Agonistic pluralism is perhaps the most important political concept I’ve learned in the last ten years. It holds that all liberal-democratic political positions are uneasy bundles of internally contradicting principles (or, more accurately, heuristics) which will, inevitably, be interpreted differently by different people at different times, and which therefore must be resolved through a flexible process of reasoned deliberation and inquiry.
My own belief is that an individual is defined as much as anything by peculiar configurations of judgment which are irreducibly hermeneutic (interpretive) and not direct applications of algorithmic rules to empirical data. Where we seek to eliminate judgment, we seek to eliminate individuality and abandon the domain of liberalism.
Where a person believes his or her own beliefs to be purely logical and empirical (omitting the role of interpretation not only in conception, but to the unconscious selective and prioritizing actions of perception) and to be the correct understanding of the truth (omitting the crucially important dimension of pluralism, which abolishes the rule of the excluded middle from all domains but that of formal logic).
We must expect conflict. We must expect to discover some degree of validity in opposing viewpoints, even when our own correctness is self-evident. We must interpret our own no-brainer truths as brain-deficient notions. We must be profoundly suspicious of our own convictions, most of all when they are open-shut. We must be severe and follow our angst when our hearts want to follow our bliss. We must follow this road less traveled.
We must try, even though we will always fail, to be publicly symmetrical. We must cleave radically to the Silver Rule: do not do to others what is hateful to you.
We hate that asshole who is so serenely oblivious to his own peculiarly personal judgment that he cannot see how subjective his own objectivity is. And what is objective is universally binding. It is self-evident to left-illiberals that they are the most benevolent and just and that anyone to their right is either deluded or in on some conspiracy to delude the gullible. And vice versa.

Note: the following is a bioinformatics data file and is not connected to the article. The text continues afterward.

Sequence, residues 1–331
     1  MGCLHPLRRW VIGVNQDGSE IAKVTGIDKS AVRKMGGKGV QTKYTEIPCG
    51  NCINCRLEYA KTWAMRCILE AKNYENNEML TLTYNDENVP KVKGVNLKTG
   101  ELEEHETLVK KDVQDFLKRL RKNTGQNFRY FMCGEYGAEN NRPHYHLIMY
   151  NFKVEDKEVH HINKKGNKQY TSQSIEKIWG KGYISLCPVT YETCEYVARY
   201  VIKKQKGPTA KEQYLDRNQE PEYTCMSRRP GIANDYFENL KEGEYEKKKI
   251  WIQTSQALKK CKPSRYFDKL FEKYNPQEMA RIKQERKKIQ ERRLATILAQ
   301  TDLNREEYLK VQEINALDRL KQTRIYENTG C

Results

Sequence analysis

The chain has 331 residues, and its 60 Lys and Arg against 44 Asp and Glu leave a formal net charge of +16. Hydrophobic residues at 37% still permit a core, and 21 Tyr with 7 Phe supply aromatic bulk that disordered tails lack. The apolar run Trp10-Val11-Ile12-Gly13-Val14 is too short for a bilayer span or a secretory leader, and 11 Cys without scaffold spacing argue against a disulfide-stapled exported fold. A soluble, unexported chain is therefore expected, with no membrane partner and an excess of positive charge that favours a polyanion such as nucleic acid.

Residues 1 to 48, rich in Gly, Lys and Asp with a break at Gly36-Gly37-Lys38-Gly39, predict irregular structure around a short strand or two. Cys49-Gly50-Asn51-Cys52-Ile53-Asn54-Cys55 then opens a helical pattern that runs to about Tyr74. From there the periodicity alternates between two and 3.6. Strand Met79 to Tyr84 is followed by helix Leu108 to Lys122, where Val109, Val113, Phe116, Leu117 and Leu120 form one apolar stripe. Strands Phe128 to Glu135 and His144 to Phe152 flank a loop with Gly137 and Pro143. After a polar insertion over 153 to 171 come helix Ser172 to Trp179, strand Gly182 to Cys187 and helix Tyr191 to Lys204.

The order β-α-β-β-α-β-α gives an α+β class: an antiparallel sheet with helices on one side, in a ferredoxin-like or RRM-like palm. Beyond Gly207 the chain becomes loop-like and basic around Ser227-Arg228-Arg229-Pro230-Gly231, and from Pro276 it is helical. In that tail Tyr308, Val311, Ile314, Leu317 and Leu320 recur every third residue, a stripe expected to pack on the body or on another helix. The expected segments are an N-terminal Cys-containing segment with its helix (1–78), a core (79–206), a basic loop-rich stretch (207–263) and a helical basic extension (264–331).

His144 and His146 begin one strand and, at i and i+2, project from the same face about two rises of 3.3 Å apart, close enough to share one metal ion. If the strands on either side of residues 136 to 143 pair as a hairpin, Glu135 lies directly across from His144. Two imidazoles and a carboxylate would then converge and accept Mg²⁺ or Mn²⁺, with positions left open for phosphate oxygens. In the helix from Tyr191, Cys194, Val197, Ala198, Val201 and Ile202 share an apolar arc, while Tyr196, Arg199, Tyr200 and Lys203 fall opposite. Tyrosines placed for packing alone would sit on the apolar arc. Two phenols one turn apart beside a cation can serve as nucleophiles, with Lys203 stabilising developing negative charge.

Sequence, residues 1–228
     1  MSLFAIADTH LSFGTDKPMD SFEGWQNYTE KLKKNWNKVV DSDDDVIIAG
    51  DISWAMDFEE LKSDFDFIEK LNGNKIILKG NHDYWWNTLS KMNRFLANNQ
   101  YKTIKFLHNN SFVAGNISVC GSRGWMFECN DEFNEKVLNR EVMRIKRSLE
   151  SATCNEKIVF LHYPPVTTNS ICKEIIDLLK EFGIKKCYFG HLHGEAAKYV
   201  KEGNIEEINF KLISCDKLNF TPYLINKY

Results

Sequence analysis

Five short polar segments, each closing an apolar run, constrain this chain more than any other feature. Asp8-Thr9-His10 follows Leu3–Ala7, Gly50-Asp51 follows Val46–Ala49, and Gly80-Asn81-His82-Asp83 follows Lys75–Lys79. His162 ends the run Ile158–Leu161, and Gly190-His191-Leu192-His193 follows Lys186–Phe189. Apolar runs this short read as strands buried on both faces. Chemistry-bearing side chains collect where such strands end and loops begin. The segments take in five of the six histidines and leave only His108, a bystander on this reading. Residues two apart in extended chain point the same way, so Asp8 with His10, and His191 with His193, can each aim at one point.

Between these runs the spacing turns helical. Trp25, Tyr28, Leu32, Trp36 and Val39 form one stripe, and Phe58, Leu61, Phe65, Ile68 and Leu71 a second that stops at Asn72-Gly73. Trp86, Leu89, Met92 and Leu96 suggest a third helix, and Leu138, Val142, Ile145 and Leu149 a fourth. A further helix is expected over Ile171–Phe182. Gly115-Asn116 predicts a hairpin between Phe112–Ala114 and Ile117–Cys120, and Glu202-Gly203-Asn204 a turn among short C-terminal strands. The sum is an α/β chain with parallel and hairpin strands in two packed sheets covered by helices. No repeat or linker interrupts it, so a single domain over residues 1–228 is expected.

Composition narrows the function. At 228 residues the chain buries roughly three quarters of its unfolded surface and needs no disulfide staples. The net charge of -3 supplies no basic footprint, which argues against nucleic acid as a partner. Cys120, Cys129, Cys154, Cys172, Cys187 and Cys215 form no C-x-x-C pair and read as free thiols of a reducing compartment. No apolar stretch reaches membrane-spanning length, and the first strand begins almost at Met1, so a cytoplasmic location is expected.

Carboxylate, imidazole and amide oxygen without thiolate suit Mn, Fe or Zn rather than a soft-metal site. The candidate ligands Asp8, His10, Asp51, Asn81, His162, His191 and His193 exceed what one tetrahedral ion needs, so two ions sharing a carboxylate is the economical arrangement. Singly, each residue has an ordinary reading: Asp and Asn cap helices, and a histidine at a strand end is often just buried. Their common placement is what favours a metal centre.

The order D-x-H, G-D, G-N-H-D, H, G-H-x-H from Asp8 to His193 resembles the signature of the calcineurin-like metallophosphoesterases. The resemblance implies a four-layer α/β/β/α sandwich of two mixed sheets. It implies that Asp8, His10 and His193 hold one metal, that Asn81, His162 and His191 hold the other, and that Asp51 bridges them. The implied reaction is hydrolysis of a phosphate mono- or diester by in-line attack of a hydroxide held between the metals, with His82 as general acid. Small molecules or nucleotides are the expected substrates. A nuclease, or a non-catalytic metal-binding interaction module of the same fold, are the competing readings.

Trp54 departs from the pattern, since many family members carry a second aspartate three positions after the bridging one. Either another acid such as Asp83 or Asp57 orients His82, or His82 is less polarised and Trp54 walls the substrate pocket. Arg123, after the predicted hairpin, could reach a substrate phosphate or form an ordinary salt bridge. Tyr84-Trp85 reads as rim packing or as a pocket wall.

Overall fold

Illiberalism, like fundamentalism, flourishes in its oppositional illiberalisms. Back in crazier days I called this phenomenon “Ares’s handpuppets”. Ares loves only war. He is known to play sides against each other to produce, intensify and prolong war. If you pick a side, thinking the enemy of your enemy must be your friend, you are now possessed by Ares. I am speaking figuratively here in a way far more literal than you might imagine.
One more thing: many people have begun to note a “rightward” drift in my thinking, but this drift is rightward only relative to what I have come to regard as an illiberal attitude against money in the left orthodoxy. I believe that well-cultivated economies can produce ranges of equality supportive of liberal-democracy, but I still far from believing economic wildernesses automatically produce these effects, and those who claim such are often on the predator end of the predator-prey continuum. I believe this still places me to the left of liberalism.
But the reason I have become pro-money is that there are a few liberal institutions that manage to collapse the unmanageable richness of individual judgments into manageable and quantifiable general units, and those two units are dollars and votes. Without the aid of these two units we would have no means of public self-regulation.
This is a barely-formed insight and nowhere near a carefully thought-out position, but this is how thoughts are born: as defenseless babies. To instantly attack a new insight of this kind simply because it is not yet defensible is intellectual infanticide. I feel it is time to throw it out there to toddle around in the playground of my blog. I hope you’ll play with it, and try to entertain what it could be in mature form rather than immediately murder it for the unforgivable crime of not yet being a full-grown, combat-trained ideology. Even if it doesn’t get along perfectly with your own intellectual brat. Because there’s nothing worse than parents who lose all perspective when their kid gets in a conflict with another kid. They’re all kids — yours, theirs — and we must stay adults even — especially — when we feel our own kid’s anguish with that unnerving immediacy only parents know. Note to self: read this passage to myself with acute self-accusation, again and again, until I finally get it.